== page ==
If you see a tree with an orange dot, that means it has been marked for removal.

There is a tree disease associated with the Ambrosia beetle that is killing many White Oak trees throughout Shepherd Park, Colonial Village and Crestwood.

Trees that are removed will generally be replaced, but if the location is underneath an electrified power cable, DDOT policy is to install a smaller species of tree that won’t interfere with the line.

Residents can call 311 for Service Requests.  Services include Inspection, planting, pruning and removal.

To learn more about Urban Forestry, visit ddot.dc.gov/trees

Children’s Hospital Zoning Change Request

children's medical buildingLeila Batties, a land use attorney and Shepherd Park resident, presented a request for support from Children’s National Research and Innovation Campus to add two new zones for the parcel of land they control on the Walter Reed site.  If approved by the Board of Zoning Adjustment, this will bring the total number of zone types at Walter Reed to ten.  According to the current DC Zoning map, this area is currently not designated (the map shows residential use).

Children’s does not plan to add any new buildings to the site.  The request is to make the zoning consistent with the area’s current, practical use.  The commission voted to support the change.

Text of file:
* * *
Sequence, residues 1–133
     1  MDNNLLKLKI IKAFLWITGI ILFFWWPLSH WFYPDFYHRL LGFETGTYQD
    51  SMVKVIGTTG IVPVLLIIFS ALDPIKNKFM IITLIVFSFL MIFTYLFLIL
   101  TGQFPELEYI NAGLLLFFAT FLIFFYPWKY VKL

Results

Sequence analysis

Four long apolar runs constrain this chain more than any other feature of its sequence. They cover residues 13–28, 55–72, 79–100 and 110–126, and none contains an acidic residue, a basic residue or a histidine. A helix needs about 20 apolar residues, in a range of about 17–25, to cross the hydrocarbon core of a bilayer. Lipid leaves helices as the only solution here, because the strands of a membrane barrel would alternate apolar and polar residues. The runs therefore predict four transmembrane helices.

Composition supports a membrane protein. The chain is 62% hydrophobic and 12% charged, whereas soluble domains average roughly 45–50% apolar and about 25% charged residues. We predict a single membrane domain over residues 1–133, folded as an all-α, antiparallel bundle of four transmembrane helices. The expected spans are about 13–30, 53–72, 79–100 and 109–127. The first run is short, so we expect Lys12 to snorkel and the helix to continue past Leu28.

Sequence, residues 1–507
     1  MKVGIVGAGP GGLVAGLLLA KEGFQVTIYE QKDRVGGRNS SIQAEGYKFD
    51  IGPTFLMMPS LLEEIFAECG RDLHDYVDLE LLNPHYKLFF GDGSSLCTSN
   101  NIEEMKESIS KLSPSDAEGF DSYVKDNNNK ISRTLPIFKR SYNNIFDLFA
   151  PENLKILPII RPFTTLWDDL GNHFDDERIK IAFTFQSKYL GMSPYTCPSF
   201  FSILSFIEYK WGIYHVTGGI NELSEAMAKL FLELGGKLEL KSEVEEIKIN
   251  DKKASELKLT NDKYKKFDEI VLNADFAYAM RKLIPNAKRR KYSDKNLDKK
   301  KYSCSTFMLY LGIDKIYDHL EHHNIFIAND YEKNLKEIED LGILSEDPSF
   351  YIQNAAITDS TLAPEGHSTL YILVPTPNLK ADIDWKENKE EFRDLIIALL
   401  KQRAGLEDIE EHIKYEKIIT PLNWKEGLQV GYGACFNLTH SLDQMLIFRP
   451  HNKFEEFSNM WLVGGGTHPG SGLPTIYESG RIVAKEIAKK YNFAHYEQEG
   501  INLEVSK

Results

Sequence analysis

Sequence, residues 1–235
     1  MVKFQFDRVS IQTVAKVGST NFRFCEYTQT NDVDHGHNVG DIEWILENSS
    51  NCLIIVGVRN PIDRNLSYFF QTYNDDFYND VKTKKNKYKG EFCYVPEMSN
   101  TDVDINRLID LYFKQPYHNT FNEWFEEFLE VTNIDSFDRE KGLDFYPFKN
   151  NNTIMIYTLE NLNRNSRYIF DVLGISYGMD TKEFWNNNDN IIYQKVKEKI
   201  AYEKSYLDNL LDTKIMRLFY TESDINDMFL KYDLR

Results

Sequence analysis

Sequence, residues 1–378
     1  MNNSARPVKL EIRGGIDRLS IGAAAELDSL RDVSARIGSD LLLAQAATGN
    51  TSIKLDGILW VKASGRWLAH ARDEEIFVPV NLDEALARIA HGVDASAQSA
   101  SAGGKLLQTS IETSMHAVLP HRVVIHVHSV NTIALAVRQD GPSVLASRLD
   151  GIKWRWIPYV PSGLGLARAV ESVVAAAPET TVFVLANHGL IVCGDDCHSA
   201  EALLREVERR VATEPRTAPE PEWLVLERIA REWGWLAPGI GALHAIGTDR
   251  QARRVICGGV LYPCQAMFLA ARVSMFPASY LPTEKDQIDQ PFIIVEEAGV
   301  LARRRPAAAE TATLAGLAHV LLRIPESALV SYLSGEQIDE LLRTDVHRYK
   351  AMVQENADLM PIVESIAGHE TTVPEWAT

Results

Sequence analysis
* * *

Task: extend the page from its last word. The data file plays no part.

Doggie Pickup Bags for Crestwood

Commission Chair Gale Black submitted a request for funds for a Community Enhancement.  The Crestwood neighborhood (Single Member District 4A08) has several doggie bag dispensers. Commissioner Black requested $459 from the commission to purchase bag refills for the dispensers.

The ANC approved the request, but not before a lengthy discussion about the utility of ANC funded Community Enhancements.  Many of the commissioners seemed to be unaware that this was something they could request for their own districts.

Dog Park and Playground for Walter Reed

Representatives from Urban Atlantic shared an overview of their proposal to add a dog park and playground to the site.  They presented an earlier version of this at the latest Walter Reed CAC meeting and pledged to present a complete version at Commissioner Steve Whatley’s Single Member District meeting in mid-October.Walter Reed Playground

Community Concerns

Shepherd Park Intramural Friction

The competition for the recently announced Georgia Avenue Main Streets Grant has spurred several local civic organizations to submit bids to operate the program.  The success of the bids relies heavily on the amount of community support that each proposal can demonstrate.  At last month’s ANC 4A meeting, the Brightwood Community Association (BCA) asked for and received a letter of support from the Commission.  That was a coveted prize because the Commission’s opinion carries “great weight” with the DC Department of Small and Local Business Development.

The Shepherd Park Citizens Association (SPCA) has also submitted a bid.  Due to timing, it could not request the support of the entire ANC 4A, so the SPCA’s board members sought letters from individual commissioners.  SPCA Board member Paula Edwards asked 4A02 Commissioner Stacy Lincoln for a letter, via email on September 16th.